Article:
Amazon brings budget-priced LED light bulbs to the masses

Amazon brings budget-priced LED light bulbs to the masses As the US transitions from incandescent bulbs to more eco-friendly options, many companies are rushing to get their LED light bulbs on store shelves. The problem is that many people are put off by high price of the single bulbs when compared to cheap packs of CFLs. Amazon has teamed up with Lighting Science Group to offer LEDs that are easier on your budget.

LED light bulb manufacturers have had a hard time convincing the American public to buy into the technology. The bulbs were bound to save them money in the long run, but their blue hue and inability to give off an enveloping glow turned off a lot of buyers. In addition to these limitations some bulbs such as GE’s Smart LED bulb had a list price of about $50, an amount that could get you a heck of a lot of CFLs at a big box retailer.

Lighting Science Group’s first LED offering on Amazon is a 40 watt equivalent A19 omnidirectional 8.5 watt bulb that’s 75% more efficient that a plain incandescent. The company predicts that the bulb will last up to 23 years or 25,000 hours. The bulb will be available through Amazon for just $21.98, a price that beats their discounted price for GE’s bulb at $37.98. According to a press release, Lighting Science Group is in the process of getting a wide array of bulbs up for sale on Amazon that includes a 60 watt equivalent version which is one of the most popular household bulbs. 

Besides using less power, Lighting Science Group’s LED has a lot of advantages over a standard CFL. They don’t need time to warm up and are easily recyclable because they don’t contain mercury. While they may cost more, their long lifespan means that you’re paying about $1 a year to have them light your home; incandescents and CFLs cannot match that number.

It’s great to see new LED technology such as this 40 watt bulb, but manufacturers need to widen their selection. Household and workplace lighting situations don’t commonly rely on such a low-wattage bulb as a 40 watt, 60 watt and 100 watt bulbs are much more popular. If Lighting Science Group can get a great price point for their in-the-works 60 watt equivalent bulb, they may have a massive success on their hands.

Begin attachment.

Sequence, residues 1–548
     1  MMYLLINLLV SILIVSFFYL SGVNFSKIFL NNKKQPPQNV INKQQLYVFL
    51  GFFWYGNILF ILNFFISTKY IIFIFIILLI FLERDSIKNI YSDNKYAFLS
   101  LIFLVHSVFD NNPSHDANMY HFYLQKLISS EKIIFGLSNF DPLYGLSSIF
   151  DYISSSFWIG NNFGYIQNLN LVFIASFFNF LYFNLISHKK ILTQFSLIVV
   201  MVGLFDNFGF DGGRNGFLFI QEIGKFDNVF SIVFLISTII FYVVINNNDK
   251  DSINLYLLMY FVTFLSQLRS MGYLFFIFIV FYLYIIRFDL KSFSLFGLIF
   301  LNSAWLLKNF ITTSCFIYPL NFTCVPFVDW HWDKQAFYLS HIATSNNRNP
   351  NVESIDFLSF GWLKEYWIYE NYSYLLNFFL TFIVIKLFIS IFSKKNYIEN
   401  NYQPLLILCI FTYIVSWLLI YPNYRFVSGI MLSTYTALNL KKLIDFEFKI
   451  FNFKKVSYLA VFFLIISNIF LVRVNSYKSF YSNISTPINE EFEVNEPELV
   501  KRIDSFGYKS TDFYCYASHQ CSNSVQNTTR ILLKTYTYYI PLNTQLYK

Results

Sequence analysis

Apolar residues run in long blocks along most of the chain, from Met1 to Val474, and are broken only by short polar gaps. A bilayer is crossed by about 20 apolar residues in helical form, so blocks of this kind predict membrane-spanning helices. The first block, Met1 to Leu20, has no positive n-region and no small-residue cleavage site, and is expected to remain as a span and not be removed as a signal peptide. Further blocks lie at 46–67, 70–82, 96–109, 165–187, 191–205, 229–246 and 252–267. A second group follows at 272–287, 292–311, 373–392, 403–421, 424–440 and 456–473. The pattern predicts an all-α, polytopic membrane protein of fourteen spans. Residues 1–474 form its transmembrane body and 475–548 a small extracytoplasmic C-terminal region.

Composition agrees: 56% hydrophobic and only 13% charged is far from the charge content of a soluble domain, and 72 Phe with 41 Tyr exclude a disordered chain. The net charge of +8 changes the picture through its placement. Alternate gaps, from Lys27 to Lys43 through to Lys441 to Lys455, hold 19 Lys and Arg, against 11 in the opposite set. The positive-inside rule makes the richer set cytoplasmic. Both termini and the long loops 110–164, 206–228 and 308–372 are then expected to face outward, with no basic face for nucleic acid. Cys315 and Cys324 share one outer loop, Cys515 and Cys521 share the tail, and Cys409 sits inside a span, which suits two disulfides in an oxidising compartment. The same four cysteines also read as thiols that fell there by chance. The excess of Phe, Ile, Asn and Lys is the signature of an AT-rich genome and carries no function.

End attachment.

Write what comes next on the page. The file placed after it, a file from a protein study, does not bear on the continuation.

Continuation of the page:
As you so correctly put it, this bulb is just a teaser.  A 40W-equivalent bulb (don't see that the lumen ouput is included in your post) is a joke.  I wonder how many returns they are going to get when the consumer realizes how little light they get from this sucker.

Another note: I just checked are out of stock already.  AND, even more exasperating (but typical) is the notation under Size in the Product Specifications: 40 watt.

Way to perpetuate misinformation, Amazon!

Down right stupid, would never  buy it and wouldn't even sell it to a blind man if they paid me double and let me pick the bills from their wallets

why would a blind man need a light bulb?

Cree is the world's leading maker of these chips. Watch their stock double or triple over the next year... it's priced at an incredible discount right now because of a short-term oversupply situation.

$20+ bulbs *sound* silly, but when you run the calculation on how much is saved annually in electricity cost, you'll find that it pays for itself in just a year or two versus an incandecent. However, CFLs do about the same, but they are much cheaper. The problems with CFL are: they contain mercury (dangerous when the bulb breaks or is discarded), they don't last as long as LEDs, and they take time to warm up, don't dim very well, run hotter, and have other quality inferiorities compared to LEDs. 

When LEDs get down to $10 or so, you'll finally see the market explode. In the meantime, I've ponied up $30+ per bulb and I'm loving it... will pay for themselves before the $10 LEDs get here.

By the way, why would a blind man need a wallet?

I paid 9.93$CA for a 2w bulb at walmart. Walmart is the only place I've seen them for sale where I live. It was an impulse purchase just to see what was what about an LED bulb.

The total light it puts out is not much. But each individual LED element is extremely bright, so the bulb is uncomfortable to look at directly. And it doesn't work well in a shade, because it is too dim, and the light it puts out is not sufficiently diffused for a shade to even work well (like 27 little directed flashlight beams).

Frankly, it's useless everywhere except in a vanity mirror fixture. But I won't use it in the bathroom, because it cautions against getting it wet, and I'm not sure if that includes steam.

Consumers should hold their horses. CFLs seem more usable in the real world at the moment.